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Re: Anzio : A Beached Whale or An abcess in Axis rear ?

Post by Sheldrake » 26 Jun 2019 17:30

Delta Tank wrote:
26 Jun 2019 17:07
Sheldrake,

The US Army had 89 or 90 divisions, not 100. The US Marine Corps had another 6 divisions. My argument is, yes, we should of attacked Italy to force them out of the war, but at a certain point in the campaign attacking further up the “Italian Boot” was senseless. Even if we did not do the a Italian Campaign, we still would not be able to do Operation Overlord until 1944. However, if we sent the bulk of our forces to Italy, diverting them from the build up in the UK, it would of delayed Operation Overlord.

Mike
You are correct, the 100 division "Victory Plan" ended up as C 85 Divisions and a lot of replacements, as casualties rates were higher than anticipated. The Allied force in march 1945 was still around 100 divisions with the French providing a significant number of troops.

There was no question of Italy ever becoming the major theatre in which to defeat the Germans. The only battlefield big enough was France. But Italy was a good place for a sideshow to fix the enemy.

The planners knew that the battle of Normandy would be a race between the allies and Germans to build up forces. The Germans by road and rail and the allies by sea and air. Ahh back to shipping again. The allies could land five divisions on D Day and on average a division every two-three days. (35 divisions in C 80 days). It really helped that twenty odd German formations were in Italy against the twenty allied divisions already ashore and irrelevant to the build up in France.

There were two unintended consequences of the Anzio operation as it evolved.

#1 In January 944 the first actions by Montgomery and Eisenthower were to demand shipping and aircraft to increase the Op Overlord assault from an initial three to eight divisions. Anzio was a perfect illustration of the inability of a three division assault force to seize inland objectives and defend the beachhead.

#2 Even when the Allies appeared to have screwed up and left a three division beach head ready to eliminated as a warning, the Germans found that they could not throw the beached whale into the sea. That must have encouraged the German defenders on the Atlantic Wall!

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Re: Anzio : A Beached Whale or An abcess in Axis rear ?

Post by Sheldrake » 26 Jun 2019 17:31

Delta Tank wrote:
26 Jun 2019 17:07
Sheldrake,

The US Army had 89 or 90 divisions, not 100. The US Marine Corps had another 6 divisions. My argument is, yes, we should of attacked Italy to force them out of the war, but at a certain point in the campaign attacking further up the “Italian Boot” was senseless. Even if we did not do the a Italian Campaign, we still would not be able to do Operation Overlord until 1944. However, if we sent the bulk of our forces to Italy, diverting them from the build up in the UK, it would of delayed Operation Overlord.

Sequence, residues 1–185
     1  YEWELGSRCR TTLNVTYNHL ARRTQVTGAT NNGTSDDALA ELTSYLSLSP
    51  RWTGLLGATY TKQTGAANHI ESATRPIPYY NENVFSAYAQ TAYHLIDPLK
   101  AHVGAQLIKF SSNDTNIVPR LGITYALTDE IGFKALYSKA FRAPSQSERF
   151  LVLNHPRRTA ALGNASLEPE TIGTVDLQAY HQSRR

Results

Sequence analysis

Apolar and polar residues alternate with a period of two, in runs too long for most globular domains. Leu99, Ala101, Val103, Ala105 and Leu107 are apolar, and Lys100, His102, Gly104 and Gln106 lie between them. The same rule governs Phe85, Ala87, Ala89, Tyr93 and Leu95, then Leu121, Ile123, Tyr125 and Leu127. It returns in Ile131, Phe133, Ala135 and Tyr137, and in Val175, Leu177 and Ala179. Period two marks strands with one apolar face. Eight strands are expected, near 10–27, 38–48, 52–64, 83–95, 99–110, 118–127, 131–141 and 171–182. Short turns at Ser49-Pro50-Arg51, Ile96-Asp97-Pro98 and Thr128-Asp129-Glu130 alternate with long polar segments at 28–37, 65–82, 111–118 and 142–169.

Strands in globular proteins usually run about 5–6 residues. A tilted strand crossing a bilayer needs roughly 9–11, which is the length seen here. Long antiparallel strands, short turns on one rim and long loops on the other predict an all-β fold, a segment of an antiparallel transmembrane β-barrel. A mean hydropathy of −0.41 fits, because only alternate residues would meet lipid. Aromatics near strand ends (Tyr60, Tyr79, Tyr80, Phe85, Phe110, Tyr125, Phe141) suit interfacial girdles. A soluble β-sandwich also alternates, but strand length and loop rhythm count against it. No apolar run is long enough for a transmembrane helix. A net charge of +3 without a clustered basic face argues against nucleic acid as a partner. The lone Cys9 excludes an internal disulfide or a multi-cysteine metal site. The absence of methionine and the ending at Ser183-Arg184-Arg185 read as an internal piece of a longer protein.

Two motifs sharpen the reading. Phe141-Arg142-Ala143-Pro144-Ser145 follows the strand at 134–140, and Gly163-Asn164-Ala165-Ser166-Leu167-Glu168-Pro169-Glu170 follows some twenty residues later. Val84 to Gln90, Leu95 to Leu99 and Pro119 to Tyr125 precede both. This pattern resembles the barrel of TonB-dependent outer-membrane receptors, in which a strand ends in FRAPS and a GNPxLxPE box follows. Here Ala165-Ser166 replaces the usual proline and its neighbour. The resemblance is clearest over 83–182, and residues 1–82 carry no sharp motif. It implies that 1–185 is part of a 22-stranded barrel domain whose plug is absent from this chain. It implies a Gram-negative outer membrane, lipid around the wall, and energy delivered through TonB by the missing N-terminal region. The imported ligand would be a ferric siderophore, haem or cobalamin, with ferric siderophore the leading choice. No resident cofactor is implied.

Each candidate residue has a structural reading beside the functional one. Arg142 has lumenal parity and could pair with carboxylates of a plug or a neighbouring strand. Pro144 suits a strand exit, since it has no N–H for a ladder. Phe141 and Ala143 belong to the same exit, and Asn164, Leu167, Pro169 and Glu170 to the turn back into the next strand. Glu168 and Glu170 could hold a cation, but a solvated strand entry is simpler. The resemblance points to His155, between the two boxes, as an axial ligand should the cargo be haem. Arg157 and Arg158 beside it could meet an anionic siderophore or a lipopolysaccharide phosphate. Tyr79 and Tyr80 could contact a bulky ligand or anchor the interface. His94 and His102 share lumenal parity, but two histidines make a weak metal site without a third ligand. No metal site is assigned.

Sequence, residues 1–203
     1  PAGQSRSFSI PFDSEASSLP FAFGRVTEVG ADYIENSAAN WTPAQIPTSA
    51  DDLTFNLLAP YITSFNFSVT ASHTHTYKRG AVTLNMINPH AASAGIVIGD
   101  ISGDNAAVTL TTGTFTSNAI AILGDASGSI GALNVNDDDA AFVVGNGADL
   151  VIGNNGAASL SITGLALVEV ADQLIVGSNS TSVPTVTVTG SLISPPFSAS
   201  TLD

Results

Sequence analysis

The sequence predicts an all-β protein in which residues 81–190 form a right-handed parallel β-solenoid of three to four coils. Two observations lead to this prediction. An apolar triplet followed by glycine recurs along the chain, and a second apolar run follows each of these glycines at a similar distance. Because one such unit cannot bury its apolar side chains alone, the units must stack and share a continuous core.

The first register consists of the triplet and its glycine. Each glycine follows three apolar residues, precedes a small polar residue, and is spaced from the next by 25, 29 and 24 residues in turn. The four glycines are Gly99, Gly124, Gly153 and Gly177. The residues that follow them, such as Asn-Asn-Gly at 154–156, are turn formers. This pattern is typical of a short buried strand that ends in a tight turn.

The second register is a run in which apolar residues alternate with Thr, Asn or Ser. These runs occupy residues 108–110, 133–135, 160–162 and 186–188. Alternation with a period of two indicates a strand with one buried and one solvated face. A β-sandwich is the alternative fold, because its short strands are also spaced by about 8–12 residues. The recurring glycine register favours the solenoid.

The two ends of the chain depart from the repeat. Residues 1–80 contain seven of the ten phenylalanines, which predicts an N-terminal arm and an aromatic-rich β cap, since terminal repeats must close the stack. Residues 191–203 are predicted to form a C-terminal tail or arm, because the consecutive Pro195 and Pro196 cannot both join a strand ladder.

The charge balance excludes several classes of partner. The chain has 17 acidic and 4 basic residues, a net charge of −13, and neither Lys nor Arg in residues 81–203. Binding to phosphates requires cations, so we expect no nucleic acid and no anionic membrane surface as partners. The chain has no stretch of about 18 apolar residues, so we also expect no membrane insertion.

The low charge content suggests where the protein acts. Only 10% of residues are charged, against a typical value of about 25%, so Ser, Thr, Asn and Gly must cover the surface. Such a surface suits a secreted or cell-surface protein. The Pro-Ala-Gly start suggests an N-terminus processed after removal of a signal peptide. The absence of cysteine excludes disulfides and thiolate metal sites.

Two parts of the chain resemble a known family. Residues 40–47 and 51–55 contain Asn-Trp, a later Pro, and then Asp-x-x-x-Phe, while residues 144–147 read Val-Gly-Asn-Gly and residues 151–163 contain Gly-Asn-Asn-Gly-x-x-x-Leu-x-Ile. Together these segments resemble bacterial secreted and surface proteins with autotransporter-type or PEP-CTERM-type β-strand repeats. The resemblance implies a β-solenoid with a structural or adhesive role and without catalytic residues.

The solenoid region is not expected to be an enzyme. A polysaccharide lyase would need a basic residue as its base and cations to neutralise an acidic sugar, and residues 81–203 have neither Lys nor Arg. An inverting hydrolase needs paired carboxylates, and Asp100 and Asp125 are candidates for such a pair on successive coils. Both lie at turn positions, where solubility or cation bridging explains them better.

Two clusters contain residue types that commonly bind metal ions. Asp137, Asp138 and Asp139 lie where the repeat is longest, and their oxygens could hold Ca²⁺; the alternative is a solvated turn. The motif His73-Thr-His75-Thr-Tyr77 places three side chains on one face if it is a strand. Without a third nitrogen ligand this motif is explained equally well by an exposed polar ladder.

Mike
You are correct, the 100 division "Victory Plan" ended up as C 85 Divisions and a lot of replacements, as casualties rates were higher than anticipated. The Allied force in march 1945 was still around 100 divisions with the French providing a significant number of troops.

There was no question of Italy ever becoming the major theatre in which to defeat the Germans. The only battlefield big enough was France. But Italy was a good place for a sideshow to fix the enemy.

The planners knew that the battle of Normandy would be a race between the allies and Germans to build up forces. The Germans by road and rail and the allies by sea and air. Ahh back to shipping again. The allies could land five divisions on D Day and on average a division every two-three days. (35 divisions in C 80 days). It really helped that twenty odd German formations were in Italy against the twenty allied divisions already ashore and irrelevant to the build up in France.

There were two unintended consequences of the Anzio operation as it evolved.

#1 In January 944 the first actions by Montgomery and Eisenthower were to demand shipping and aircraft to increase the Op Overlord assault from an initial three to eight divisions. Anzio was a perfect illustration of the inability of a three division assault force to seize inland objectives and defend the beachhead.

#2 Even when the Allies appeared to have screwed up and left a three division beach head ready to eliminated as a warning, the Germans found that they could not throw the beached whale into the sea. That must have encouraged the German defenders on the Atlantic Wall!

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Re: Anzio : A Beached Whale or An abcess in Axis rear ?

Post by Delta Tank » 26 Jun 2019 19:59

To all,

The 90 Division Gamble.

https://history.army.mil/books/70-7_15.htm

Mike